In the NAFTA review carried out by the Central American and U.S. authorities, it is ruled out that the U.S. government will apply trade sanctions in retaliation for the deepening of the migration problem.
After the Trump administration pressured Mexico with the threat of increased tariffs on Mexican imports, the region has generated expectations for the planned review of the NAFTA with Central America.
In the meeting to be held on July 18 in San Jose, Costa Rica, Andrea Malito of the Office of the U.S. Trade Representative (USTR) and the trade authorities of Central American countries will participate.
According to representatives of the Guatemalan Ministry of Economy, for the time being pressure on the migration
issue is ruled out, as this item is not included in the agenda of this session, since the issues to be addressed are agriculture, the elimination of sanitary and phytosanitary barriers, among others.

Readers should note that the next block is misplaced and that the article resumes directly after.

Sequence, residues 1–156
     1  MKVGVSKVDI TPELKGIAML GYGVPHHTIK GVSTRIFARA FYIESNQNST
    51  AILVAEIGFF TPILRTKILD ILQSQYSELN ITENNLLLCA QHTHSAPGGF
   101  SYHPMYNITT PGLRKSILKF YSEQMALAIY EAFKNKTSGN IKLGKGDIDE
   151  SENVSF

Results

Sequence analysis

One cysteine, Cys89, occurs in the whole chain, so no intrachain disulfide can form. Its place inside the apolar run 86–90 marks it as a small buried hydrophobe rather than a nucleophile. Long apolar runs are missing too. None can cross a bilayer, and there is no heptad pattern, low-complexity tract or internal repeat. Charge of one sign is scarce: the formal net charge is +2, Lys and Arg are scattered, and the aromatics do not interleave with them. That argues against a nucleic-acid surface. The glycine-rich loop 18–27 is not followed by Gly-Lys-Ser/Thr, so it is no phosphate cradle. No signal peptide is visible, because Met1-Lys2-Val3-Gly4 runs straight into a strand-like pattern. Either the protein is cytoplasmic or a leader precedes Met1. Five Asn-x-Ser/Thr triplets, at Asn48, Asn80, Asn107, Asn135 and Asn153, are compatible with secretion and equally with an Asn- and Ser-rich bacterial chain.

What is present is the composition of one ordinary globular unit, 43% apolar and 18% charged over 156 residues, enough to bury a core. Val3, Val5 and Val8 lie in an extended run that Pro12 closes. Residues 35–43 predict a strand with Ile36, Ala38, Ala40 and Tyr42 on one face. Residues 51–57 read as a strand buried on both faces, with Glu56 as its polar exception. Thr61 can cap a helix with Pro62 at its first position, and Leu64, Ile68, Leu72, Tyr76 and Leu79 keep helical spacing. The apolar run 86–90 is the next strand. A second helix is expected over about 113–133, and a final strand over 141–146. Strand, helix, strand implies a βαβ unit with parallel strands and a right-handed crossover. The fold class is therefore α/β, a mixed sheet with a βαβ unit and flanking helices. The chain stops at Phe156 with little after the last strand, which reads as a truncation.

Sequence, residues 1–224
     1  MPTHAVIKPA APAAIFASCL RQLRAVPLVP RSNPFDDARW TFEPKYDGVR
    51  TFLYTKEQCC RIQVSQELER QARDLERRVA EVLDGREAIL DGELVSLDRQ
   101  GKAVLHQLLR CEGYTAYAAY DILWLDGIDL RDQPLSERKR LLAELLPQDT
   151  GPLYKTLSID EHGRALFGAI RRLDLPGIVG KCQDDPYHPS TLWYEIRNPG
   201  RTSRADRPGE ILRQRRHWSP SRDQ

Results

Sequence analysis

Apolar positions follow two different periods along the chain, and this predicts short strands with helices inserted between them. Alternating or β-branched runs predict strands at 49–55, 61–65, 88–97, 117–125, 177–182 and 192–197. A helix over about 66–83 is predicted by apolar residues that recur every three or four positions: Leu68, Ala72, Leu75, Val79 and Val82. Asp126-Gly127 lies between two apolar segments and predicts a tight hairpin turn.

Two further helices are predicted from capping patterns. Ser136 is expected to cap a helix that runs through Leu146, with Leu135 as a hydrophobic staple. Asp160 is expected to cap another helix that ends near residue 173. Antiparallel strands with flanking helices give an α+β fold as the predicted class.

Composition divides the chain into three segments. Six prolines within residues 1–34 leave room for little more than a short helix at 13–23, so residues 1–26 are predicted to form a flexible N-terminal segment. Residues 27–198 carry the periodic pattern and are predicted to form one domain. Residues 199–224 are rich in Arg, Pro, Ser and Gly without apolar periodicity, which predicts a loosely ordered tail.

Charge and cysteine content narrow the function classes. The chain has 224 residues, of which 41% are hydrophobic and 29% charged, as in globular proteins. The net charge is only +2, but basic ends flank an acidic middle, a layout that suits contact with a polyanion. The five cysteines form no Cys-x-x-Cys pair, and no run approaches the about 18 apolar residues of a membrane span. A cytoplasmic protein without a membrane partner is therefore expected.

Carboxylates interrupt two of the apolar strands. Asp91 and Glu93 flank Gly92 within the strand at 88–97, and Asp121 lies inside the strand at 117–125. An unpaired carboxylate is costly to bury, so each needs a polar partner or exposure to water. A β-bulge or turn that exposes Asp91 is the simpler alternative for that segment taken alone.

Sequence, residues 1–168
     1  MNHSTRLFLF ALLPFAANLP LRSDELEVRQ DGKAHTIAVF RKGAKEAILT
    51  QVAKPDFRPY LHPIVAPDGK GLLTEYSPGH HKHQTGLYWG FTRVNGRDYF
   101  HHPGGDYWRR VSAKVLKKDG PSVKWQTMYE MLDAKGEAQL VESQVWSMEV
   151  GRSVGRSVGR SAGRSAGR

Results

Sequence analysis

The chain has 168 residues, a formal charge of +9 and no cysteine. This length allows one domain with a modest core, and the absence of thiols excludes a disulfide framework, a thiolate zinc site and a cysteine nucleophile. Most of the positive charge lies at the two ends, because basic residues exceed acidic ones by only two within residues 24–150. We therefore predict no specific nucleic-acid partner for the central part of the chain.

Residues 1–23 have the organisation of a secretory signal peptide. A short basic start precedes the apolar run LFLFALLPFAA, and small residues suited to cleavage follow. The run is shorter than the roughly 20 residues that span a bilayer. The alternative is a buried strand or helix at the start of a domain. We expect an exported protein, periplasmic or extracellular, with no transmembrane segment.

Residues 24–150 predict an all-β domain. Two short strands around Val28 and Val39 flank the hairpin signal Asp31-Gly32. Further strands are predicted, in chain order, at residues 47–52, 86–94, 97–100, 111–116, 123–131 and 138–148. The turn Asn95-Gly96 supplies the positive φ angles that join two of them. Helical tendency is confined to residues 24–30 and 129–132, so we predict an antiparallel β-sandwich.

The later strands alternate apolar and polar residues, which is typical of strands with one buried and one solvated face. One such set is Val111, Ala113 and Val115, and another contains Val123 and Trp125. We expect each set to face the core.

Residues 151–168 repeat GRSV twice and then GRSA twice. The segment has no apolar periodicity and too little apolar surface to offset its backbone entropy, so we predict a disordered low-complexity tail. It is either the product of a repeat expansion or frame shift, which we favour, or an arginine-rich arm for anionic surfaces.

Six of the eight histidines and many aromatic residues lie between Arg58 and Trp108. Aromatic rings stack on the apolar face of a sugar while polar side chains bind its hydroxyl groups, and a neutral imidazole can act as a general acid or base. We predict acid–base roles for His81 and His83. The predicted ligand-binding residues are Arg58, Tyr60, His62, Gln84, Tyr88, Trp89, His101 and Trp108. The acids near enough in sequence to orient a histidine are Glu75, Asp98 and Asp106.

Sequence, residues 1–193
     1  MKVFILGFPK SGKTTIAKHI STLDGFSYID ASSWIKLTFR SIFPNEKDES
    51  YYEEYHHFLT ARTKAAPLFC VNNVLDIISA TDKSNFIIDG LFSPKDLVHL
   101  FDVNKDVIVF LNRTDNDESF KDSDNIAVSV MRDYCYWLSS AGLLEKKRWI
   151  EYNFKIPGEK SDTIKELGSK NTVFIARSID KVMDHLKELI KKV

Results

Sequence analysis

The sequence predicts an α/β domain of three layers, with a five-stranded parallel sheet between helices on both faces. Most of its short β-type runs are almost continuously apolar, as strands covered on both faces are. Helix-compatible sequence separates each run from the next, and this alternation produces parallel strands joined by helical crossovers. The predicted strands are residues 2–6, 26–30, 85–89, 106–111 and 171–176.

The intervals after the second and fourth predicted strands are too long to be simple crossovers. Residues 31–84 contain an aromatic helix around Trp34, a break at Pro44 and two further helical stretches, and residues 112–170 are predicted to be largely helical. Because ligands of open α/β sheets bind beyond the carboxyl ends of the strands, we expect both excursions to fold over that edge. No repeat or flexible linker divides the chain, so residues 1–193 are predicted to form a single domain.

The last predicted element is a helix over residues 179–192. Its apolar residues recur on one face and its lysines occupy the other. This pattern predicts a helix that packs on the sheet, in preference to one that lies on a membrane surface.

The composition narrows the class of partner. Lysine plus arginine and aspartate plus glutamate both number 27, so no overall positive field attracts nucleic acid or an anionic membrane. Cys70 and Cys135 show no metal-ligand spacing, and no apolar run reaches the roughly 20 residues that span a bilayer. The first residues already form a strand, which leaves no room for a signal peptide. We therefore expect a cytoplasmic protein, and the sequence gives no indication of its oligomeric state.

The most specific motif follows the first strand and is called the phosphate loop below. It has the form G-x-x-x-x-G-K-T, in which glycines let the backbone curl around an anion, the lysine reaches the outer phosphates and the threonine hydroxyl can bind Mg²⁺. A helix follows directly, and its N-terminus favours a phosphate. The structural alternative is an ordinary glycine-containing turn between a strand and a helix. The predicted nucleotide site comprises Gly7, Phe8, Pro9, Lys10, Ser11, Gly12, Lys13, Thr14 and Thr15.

Businessmen in Guatemala agree that in order to stop migration, there is no interest on the part of the U.S. in putting pressure through trade sanctions
on Central America, since this could worsen the situation.
Alejandro Ceballos, president of the Costume and Textile Commission (Vestex), explained to Prensalibre.com that "... in this meeting and any action that is presented, it will be like 'going against immigration policy' and what could generate greater flows. People migrate out of necessity, why so much wealth on that side and so much poverty in this (region) risk their lives to leave'.
Ceballos added that "... the migratory aspect with trade should not be considered and if at any time it could arise, it would be more of a problem for them than for the region. In the trade balance, Central America imports more than it sells and migration could worsen it more and one of their objectives is to increase trade.
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